Former Starbucks CEO Howard Schultz and soda tax sponsor Michael Bloomberg, both billionaires, prescribe political bitter pills to force down the throats of the 99 percent.

Billionaires are pretty damn sure they know what’s best for you. No more taxes on the rich and none of that Medicare-for-all is what’s best for you, according to two billionaires toying with seeking the presidency.

Or, maybe, that’s what’s best for them.

One of those billionaires, former Starbucks CEO Howard Schultz, called Medicare-for-all un-American. Actually, the only thing that makes Medicare-for-all un-American is the fact America is the only First World country that fails to provide universal health insurance.

Schultz and Michael Bloomberg, the other billionaire who thinks he should be president, revealed themselves as out-of-touch, private-jet-riding, multi-mansion-owning, gold-leaf-latte-sippers by condemning lawmakers who have proposed raising taxes on the nation’s most obscenely rich.

Bloomberg said, for example, “We need a healthy economy and we shouldn’t be embarrassed about our system.”

No? It’s not embarrassing that 40 percent of Americans don’t have $400 for an emergency expense? It’s not humiliating that in the richest country in the world federal workers couldn’t afford their insulin during the government shutdown because their low pay forces them to live paycheck to paycheck? It causes no discomfort that 5 million Americans are stuck in part-time jobs when they need 40 hours? Or that so many more are trapped in precarious or contract work without security or benefits, when they need, you know, security and benefits? It’s not shameful that the number of Americans without health insurance increased by 3.2 million in the first year of billionaire Donald Trump’s presidency?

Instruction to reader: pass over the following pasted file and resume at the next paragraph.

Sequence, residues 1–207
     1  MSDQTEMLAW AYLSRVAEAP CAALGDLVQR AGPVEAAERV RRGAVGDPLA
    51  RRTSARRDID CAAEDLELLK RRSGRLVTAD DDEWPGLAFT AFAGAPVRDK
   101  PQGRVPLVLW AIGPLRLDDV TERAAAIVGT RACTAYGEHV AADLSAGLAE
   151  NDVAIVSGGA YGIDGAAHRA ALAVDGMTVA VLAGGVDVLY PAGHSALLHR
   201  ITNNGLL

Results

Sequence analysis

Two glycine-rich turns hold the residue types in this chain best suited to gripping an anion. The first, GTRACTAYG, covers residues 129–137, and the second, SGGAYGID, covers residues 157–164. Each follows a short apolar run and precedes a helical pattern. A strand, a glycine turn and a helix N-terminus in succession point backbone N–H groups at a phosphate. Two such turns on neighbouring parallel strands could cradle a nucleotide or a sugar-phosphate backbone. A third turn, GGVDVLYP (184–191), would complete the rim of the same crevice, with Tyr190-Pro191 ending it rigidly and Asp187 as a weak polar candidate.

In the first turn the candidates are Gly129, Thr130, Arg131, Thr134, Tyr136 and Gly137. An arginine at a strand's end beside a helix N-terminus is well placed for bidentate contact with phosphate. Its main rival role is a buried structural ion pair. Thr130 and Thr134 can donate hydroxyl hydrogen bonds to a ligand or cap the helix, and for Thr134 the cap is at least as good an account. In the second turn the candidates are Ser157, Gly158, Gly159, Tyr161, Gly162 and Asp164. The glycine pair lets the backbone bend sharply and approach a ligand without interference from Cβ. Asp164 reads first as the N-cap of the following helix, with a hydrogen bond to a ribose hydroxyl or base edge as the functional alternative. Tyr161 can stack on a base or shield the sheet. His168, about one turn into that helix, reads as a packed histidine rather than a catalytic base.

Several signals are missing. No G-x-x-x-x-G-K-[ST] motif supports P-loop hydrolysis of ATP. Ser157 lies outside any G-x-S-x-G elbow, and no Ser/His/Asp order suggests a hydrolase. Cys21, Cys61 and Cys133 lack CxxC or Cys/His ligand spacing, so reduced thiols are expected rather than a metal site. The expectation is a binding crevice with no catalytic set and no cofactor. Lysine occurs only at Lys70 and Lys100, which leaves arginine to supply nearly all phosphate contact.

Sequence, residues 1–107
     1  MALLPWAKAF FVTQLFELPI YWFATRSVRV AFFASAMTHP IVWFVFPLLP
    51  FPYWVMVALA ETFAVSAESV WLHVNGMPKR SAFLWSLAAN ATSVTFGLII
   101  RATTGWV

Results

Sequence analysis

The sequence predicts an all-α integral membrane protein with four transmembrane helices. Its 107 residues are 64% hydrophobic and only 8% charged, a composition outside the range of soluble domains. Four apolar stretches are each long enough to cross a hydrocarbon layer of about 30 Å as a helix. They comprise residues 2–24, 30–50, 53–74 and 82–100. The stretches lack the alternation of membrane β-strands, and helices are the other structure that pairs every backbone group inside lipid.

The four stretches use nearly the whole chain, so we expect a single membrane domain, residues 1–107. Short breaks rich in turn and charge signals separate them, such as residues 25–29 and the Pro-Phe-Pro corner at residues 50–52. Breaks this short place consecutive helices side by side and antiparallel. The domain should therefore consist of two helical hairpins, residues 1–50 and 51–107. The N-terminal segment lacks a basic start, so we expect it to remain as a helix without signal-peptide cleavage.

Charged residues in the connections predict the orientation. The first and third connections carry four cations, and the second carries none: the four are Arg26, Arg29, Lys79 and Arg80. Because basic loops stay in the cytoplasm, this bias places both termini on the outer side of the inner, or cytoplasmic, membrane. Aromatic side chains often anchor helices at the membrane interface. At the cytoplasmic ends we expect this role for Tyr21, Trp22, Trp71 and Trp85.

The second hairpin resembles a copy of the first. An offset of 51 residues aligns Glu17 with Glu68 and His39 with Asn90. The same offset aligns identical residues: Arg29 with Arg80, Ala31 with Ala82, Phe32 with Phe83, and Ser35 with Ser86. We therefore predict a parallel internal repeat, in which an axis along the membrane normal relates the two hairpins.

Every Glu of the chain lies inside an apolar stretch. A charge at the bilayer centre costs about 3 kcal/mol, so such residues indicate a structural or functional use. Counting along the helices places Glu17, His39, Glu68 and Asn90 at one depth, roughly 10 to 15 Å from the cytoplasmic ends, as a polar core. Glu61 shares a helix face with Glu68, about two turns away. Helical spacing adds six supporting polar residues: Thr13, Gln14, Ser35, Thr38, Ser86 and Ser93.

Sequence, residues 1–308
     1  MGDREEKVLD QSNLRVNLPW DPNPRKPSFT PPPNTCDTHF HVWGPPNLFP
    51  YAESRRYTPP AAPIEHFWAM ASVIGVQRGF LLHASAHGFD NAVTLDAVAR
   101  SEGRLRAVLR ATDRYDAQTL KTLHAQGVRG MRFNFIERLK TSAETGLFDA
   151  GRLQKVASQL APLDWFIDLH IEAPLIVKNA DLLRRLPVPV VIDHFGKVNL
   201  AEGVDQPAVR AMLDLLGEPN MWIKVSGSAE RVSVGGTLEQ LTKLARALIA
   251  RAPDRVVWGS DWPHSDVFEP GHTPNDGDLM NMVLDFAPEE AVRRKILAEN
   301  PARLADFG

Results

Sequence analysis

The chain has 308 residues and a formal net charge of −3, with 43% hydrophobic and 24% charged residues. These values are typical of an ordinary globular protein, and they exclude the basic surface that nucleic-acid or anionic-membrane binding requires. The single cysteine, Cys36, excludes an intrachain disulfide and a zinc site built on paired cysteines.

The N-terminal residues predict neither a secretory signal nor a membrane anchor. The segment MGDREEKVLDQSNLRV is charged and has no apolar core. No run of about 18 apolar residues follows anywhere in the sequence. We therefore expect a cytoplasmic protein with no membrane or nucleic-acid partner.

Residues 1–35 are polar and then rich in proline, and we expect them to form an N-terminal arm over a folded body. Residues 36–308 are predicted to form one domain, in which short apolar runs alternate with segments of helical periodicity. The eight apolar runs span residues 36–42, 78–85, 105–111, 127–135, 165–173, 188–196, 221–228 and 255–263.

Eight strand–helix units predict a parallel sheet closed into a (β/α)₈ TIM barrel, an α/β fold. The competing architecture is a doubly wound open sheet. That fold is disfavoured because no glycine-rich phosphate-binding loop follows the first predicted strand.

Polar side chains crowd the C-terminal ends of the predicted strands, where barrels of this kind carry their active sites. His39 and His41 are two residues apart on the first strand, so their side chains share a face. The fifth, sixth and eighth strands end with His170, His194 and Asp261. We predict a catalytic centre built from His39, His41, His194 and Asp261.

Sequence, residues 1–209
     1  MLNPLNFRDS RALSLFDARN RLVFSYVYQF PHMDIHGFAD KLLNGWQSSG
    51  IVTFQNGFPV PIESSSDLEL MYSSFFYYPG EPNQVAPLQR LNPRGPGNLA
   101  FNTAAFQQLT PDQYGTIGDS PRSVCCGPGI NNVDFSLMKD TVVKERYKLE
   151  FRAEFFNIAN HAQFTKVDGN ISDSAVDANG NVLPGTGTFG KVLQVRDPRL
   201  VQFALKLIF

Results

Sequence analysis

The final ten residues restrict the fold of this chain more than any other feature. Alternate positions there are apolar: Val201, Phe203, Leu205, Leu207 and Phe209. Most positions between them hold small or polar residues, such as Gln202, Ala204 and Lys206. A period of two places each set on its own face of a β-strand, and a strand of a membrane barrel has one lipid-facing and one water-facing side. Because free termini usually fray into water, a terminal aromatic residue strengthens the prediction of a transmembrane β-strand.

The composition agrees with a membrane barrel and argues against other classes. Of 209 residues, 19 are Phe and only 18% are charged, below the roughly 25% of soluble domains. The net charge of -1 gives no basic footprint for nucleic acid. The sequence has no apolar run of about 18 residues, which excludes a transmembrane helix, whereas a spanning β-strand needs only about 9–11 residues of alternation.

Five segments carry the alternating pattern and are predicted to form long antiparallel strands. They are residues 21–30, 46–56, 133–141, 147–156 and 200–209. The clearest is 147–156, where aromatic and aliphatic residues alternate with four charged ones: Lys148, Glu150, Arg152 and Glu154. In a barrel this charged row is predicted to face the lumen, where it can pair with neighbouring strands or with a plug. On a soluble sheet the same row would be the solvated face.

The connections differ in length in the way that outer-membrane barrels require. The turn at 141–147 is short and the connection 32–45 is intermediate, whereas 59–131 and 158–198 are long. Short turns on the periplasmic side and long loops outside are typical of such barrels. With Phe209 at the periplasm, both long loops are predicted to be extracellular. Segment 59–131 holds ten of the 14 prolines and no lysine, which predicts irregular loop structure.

Well, the Americans who are demeaned and degraded by our system, the D.C. cafeteria workers who make so little they live in cars, the people who can only dream of affording a $5 Schultz latte don’t need or want billionaires telling them how to run their lives or how to fix the system that has rendered so many so desperate. They’ve got their own ideas.

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Union Matters

Higher Taxes & Broken Promises

From the AFL-CIO

While many Americans are frustrated by smaller refunds this Tax Day, major corporations like AT&T are celebrating billions in massive giveaways, courtesy of the Tax Cuts and Jobs Act.  

The tax bill, which was signed into law in 2017, dramatically cut the corporate rate tax from 35% to 21%. This led AT&T’s CEO to vow that the company would create at least 7,000 jobs.

Instead, AT&T has eliminated more than 12,000 jobs since the law took effect.

At the same time, the corporation’s annual report shows the company increased executive pay and suggests that after refunds, it paid no cash income taxes in 2018.

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A Moral Imperative

A Moral Imperative